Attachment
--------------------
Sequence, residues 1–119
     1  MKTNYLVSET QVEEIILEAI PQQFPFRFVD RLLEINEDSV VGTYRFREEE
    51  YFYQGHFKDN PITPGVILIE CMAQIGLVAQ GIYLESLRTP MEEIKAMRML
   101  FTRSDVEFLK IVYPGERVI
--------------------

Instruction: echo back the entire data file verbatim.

Sequence, residues 1–119
     1  MKTNYLVSET QVEEIILEAI PQQFPFRFVD RLLEINEDSV VGTYRFREEE
    51  YFYQGHFKDN PITPGVILIE CMAQIGLVAQ GIYLESLRTP MEEIKAMRML
   101  FTRSDVEFLK IVYPGERVI